Insurers Combat Predatory Towing Practices in Florida

TALLAHASSEE, FL, DECEMBER 7, 2023 – Predatory towing practices in Florida have long been a source of frustration and anger for residents and visitors alike. The state has gained notoriety for towing companies that seem to prey on unsuspecting vehicle owners, often engaging in questionable tactics to maximize their profits. This issue has prompted numerous complaints, legal battles, and calls for reform to protect consumers from the clutches of unscrupulous towing operators. The National Insurance Crime Bureau, the nation's leading not-for-profit organization dedicated to combatting and preventing insurance crime, is helping lead the way to combat these predatory towing practices in the Sunshine State and recently took part in a transportation committee hearing in the Florida House of Representatives focused on this issue.

Once a vehicle is towed, the financial burden on the owner can be substantial,” said Eric De Campos, Director of Strategy, Policy and Government Affairs for the National Insurance Crime Bureau. “Towing fees, storage fees, and administrative charges quickly accumulate, creating a financial strain on individuals who have had their vehicle towed without their consent. These fees are often disproportionately high and may not accurately reflect the cost of the towing service. Fee transparency is a critical way to address this issue. Without a fee schedule in place and accessible to consumers, unscrupulous towers can charge tens of thousands of dollars for routine tows or simply for sweeping glass and vehicle fluid from the ground and billing for a hazmat cleanup.”

The lack of clear rate sheets and conspicuous signage is another common complaint. Florida law requires property owners to display signs that provide clear information about parking restrictions and the potential for towing. However, some towing companies have been accused of either placing signs in inconspicuous locations or not providing adequate information to vehicle owners about the consequences of parking in a particular area. This lack of transparency can result in individuals unwittingly parking in areas where towing is enforced, only to return and find their vehicle gone.

“In addition, consumers need to know upfront what to expect in terms of towing and storage fees,” De Campos said.  “That is why it is important to require towers to provide their rate sheets to consumers upon request and post signage at their places of business that identify all applicable fees. This is a practice done in other states like Kentucky and could be implemented in Florida as a consumer protection against surprise or inflated fees.”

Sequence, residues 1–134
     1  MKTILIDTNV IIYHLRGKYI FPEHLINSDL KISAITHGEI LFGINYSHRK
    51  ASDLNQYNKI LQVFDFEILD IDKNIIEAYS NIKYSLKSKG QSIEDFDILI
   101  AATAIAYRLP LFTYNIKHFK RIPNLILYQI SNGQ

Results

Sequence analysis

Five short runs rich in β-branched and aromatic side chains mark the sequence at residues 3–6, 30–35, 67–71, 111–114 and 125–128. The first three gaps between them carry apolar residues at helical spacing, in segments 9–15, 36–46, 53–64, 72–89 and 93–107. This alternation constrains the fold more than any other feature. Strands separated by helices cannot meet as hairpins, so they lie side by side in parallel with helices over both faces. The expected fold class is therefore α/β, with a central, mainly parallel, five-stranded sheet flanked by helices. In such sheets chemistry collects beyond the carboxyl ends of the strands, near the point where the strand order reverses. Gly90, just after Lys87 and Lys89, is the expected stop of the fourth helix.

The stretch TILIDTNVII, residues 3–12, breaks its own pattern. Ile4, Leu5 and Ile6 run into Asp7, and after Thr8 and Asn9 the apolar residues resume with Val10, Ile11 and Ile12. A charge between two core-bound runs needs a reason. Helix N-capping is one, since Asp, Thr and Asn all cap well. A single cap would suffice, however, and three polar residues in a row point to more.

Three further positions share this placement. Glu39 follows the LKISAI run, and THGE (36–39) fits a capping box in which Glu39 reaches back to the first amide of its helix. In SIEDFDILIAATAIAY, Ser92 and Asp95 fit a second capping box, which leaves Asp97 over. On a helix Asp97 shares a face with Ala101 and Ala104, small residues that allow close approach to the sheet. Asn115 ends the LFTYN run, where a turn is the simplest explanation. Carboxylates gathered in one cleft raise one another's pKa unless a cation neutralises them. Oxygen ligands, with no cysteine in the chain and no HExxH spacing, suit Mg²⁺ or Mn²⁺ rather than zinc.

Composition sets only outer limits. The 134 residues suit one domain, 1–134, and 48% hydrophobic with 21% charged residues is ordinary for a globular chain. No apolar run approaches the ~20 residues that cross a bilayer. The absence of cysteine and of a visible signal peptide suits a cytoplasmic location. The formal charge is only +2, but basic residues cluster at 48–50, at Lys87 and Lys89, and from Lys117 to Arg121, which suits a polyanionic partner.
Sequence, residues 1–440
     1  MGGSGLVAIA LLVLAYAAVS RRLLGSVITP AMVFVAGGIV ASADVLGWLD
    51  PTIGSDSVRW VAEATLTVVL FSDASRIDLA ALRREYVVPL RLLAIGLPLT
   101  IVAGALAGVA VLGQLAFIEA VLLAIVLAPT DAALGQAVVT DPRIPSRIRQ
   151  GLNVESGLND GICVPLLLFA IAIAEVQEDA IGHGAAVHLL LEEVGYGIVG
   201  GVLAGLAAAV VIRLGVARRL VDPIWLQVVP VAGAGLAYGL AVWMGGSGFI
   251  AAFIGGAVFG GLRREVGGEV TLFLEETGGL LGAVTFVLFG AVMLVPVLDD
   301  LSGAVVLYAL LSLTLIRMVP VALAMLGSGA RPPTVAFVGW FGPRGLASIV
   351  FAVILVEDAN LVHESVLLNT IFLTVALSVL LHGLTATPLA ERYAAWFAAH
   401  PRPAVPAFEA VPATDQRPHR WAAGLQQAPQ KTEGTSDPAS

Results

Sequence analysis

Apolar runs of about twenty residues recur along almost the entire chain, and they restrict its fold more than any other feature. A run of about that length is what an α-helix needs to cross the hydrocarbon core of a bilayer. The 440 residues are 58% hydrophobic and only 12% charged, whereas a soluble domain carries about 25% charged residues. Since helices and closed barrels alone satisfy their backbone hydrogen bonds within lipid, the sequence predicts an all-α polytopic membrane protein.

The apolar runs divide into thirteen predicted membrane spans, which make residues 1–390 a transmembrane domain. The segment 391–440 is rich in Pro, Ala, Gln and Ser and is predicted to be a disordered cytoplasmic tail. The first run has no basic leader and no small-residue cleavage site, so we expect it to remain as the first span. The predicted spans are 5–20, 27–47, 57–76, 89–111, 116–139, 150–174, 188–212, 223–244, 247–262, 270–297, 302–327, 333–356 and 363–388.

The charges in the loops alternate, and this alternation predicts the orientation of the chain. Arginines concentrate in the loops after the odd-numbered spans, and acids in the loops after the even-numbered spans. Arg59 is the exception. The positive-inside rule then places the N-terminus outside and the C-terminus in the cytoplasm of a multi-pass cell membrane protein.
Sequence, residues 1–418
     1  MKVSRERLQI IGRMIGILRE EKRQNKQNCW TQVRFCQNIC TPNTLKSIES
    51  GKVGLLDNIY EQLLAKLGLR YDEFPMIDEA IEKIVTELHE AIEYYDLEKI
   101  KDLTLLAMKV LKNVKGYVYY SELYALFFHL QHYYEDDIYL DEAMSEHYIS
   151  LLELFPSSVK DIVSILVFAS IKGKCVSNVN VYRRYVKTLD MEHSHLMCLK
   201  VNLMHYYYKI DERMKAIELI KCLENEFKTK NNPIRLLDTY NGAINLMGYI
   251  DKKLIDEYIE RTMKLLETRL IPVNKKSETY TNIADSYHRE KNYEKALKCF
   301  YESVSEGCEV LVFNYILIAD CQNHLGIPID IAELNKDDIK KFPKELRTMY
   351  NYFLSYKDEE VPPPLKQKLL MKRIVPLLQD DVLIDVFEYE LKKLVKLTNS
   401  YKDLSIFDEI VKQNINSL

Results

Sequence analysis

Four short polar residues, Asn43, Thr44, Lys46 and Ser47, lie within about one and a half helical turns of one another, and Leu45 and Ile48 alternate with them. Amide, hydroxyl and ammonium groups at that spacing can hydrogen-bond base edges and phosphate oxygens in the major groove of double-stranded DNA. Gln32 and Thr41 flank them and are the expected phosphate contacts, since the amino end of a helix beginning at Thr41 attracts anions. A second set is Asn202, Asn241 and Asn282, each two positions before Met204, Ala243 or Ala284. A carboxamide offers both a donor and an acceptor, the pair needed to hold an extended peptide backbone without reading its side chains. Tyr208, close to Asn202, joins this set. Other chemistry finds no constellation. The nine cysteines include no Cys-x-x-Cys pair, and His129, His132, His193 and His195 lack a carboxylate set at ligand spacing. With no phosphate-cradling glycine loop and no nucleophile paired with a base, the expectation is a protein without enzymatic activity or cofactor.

In response to these concerns, there are efforts underway to regulate the towing industry in Florida more effectively. Advocates for consumer rights and fair business practices have called for stricter oversight, increased transparency, and clearer regulations regarding towing practices. Florida State Representative Melony M. Bell (R- Fort Meade) is currently sponsoring legislation (HB 179) that would address several of these issues.  “There is a real need for comprehensive reform to protect consumers from unfair and exploitative practices. Until meaningful reform is enacted, individuals in Florida will remain vulnerable to the pitfalls of predatory towing, with the potential for financial hardship and emotional distress looming over every parking decision,” said Rep. Bell.

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About the National Insurance Crime Bureau: Headquartered in Oak Brook, Ill., the NICB is the nation's leading not-for-profit organization exclusively dedicated to combatting and preventing insurance crime through Intelligence, Analytics, and Operations; Education and Crime Prevention; and Strategy, Policy, and Advocacy. The NICB is supported by more than 1,200 property-casualty insurers, self-insureds, rental car, vehicle finance, and auto auctions. To learn more, visit